05 January 2010

Class Warfare American Style

Matt Taibbi's reaction to the ZeroHedge story with regard to Turbo Tim's lifting of the government support on Christmas Eve for the GSE's was exactly my own. You can read it in its entirety here.

What he does not overtly say is that this is class warfare, and it is becoming worse in the US than at any time since the 1930's. And the outcome of this will be a fundamental test of the US commitment to its republic.

The media stokes the viewing public into emotionally-based and virulently distracting arguments about liberal versus conservative, while the gentried class skins them all alive.

One only has to watch the 'news shows' on American television to see the lack of real content and discussion, with diametrically opposed 'strategists' hurling sound bytes at each other with all the depth of a schoolyard standoff.

It is comfortable to retreat into an 'us versus them' view of the world, and the noble class in the States is all too ready to facilitate that appeal to the darker emotions. People know deep down that it is a scam, and believe that it is easier to go along and get yours while you can, than actually attempting to change a system grown corrupt in an aging empire.

This explains more than one might imagine. Why do the economists continually excuse outrageously unsustainable economic behaviour and financial systems that are as productive as games of chance? Why do some media outlets obviously take sides and pander to the worst biases in their viewers, supplying them with easy reflexive answers to any suggestion that something might actually be wrong? Why do adult people fall for this and regress to childish name calling so readily?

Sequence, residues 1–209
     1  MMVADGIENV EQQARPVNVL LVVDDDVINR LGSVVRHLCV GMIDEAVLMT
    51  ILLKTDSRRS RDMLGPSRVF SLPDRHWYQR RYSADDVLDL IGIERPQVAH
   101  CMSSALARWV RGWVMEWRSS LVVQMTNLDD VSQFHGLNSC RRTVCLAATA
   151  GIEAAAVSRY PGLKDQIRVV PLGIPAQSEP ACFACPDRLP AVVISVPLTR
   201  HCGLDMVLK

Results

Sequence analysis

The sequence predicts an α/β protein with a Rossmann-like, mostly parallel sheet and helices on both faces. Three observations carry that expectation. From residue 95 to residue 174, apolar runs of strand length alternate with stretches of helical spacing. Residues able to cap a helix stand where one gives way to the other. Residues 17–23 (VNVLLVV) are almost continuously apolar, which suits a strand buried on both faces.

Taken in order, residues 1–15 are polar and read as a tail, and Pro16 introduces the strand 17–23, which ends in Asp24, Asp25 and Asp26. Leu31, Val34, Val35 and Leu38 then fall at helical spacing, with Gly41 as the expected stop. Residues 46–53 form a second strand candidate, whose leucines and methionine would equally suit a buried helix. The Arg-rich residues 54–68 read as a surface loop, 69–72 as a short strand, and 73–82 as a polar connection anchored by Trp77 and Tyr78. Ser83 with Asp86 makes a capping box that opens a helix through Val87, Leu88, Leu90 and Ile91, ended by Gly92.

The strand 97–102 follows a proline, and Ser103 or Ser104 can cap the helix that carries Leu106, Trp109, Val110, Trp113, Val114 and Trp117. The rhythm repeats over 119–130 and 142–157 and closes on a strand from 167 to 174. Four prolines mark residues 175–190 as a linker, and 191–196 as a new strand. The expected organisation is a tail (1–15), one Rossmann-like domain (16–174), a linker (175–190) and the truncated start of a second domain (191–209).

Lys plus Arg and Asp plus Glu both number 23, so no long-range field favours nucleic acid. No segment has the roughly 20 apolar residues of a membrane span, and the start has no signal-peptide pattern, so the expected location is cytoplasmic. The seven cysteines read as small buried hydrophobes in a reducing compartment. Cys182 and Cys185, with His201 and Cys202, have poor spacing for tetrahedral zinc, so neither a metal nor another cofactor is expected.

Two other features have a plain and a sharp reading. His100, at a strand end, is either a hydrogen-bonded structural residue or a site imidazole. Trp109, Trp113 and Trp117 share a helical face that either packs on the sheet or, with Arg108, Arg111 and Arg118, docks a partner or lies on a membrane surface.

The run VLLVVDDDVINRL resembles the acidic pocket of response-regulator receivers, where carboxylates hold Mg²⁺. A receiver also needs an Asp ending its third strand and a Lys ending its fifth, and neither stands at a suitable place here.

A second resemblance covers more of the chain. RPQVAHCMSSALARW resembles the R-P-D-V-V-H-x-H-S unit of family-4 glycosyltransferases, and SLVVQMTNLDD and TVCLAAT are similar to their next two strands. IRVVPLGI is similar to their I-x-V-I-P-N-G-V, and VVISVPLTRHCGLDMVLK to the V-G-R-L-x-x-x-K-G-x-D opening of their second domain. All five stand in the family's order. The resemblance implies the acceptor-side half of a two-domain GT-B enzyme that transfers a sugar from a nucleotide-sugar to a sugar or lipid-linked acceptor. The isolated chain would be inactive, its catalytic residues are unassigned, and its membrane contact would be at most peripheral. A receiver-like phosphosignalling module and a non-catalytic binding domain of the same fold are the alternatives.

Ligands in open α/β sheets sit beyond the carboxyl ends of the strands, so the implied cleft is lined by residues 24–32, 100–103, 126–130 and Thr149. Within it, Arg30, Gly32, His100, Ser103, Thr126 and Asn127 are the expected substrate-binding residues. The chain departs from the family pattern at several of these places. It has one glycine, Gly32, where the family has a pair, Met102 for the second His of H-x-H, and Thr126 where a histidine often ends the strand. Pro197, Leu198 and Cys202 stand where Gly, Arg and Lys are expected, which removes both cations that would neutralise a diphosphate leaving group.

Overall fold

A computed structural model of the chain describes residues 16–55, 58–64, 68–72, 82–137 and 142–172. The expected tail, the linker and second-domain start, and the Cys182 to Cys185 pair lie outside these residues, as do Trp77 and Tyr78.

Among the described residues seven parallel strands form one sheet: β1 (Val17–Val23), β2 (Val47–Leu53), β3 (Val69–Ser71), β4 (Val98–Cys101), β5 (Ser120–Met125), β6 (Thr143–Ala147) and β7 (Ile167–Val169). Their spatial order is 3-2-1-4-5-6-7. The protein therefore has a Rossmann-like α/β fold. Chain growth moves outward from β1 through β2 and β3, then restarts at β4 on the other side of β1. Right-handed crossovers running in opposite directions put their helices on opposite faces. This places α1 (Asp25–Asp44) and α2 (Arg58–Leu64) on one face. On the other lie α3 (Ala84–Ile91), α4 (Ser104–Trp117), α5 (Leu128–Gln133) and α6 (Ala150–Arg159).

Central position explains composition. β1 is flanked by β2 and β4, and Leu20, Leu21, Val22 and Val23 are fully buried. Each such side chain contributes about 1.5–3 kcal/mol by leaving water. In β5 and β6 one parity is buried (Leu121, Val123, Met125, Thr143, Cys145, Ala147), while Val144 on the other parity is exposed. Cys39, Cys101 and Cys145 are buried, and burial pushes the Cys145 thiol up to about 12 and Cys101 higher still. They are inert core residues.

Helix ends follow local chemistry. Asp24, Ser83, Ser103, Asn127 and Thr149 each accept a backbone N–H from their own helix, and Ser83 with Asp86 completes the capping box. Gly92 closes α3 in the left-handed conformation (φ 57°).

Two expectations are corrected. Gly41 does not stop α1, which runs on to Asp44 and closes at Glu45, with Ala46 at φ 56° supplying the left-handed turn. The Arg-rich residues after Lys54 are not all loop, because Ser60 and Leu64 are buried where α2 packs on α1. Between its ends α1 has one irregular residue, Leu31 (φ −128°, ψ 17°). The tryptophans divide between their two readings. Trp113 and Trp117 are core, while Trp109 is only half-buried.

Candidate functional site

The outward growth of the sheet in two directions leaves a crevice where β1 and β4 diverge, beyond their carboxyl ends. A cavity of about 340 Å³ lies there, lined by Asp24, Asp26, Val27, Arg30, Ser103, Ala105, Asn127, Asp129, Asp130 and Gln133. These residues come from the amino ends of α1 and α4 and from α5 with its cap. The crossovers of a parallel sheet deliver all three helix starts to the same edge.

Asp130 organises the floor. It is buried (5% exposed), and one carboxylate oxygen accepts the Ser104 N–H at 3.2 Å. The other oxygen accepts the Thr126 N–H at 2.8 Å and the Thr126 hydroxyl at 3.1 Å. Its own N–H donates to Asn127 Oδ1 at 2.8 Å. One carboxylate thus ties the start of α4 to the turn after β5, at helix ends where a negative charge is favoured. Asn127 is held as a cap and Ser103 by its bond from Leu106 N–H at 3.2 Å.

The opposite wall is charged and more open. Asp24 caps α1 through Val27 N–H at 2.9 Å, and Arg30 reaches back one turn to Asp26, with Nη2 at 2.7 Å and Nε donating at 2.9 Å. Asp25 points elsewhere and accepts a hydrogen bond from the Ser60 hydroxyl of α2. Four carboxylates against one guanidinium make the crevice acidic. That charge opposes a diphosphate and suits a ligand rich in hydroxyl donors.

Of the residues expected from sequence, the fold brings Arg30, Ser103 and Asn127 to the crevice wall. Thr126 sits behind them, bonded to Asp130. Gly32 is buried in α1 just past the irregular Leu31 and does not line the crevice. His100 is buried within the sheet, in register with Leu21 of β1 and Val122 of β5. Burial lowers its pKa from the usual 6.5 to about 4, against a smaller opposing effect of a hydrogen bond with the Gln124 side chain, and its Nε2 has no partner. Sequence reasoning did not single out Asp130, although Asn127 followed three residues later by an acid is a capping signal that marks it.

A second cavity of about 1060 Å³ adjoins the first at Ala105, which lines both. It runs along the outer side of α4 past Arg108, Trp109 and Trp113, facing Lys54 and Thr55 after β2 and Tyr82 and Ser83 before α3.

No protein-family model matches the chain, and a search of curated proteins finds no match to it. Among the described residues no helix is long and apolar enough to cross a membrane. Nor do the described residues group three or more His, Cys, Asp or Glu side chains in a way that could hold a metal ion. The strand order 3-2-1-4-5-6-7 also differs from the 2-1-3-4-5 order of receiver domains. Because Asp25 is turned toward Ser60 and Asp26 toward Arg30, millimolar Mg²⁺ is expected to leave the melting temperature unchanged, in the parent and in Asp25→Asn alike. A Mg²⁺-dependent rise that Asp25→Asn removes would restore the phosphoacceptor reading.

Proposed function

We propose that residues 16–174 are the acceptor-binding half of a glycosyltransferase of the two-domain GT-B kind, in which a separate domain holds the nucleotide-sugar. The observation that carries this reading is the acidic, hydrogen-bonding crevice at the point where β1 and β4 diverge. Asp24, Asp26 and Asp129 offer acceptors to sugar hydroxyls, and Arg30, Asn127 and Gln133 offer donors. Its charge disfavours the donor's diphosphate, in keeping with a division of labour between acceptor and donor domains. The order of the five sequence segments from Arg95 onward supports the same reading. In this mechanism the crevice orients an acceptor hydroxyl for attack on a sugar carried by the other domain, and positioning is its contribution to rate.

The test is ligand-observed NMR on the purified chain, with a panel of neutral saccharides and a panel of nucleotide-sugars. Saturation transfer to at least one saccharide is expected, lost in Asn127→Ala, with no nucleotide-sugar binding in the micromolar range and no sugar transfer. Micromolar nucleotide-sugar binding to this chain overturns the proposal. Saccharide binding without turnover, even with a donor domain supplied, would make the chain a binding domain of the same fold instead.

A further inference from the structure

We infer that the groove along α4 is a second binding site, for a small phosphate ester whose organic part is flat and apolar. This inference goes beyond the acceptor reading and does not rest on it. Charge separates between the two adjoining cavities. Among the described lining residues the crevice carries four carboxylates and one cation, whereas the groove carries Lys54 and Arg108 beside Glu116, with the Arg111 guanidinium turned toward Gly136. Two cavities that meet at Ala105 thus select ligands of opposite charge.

It is because they are afraid. They know the system is broken, that the country is in for hard times, and that the work of reform is going to be difficult and painful. It is so easy to adopt whatever red or blue meme, whomever you think is going to deliver undeserved wealth to you, or at least safety and position. As always look for a fallguy, some identifiable and out of favor group. The search for scapegoats may be be violent.

At turning points such as these, when the time is right, a 'great man' will stand up and many will follow. Who will it be, and what principals and principles will they represent? Obama was such a one, but he is obviously like the character of Robert the Bruce in the movie Braveheart, who chooses practically and cynically to support the nobles. He is finished; no one will follow him as his betrayal becomes too painfully obvious. Will it be the banal fascist with the simplistic, easy answers, a leftist with retribution to offer, or a real 'braveheart' who has nothing more to offer than the hardship of freedom?" 

America is not alone in this. The UK is further along the path. We may see the first expression of the future of the West in London than in Washington. Only the future will tell.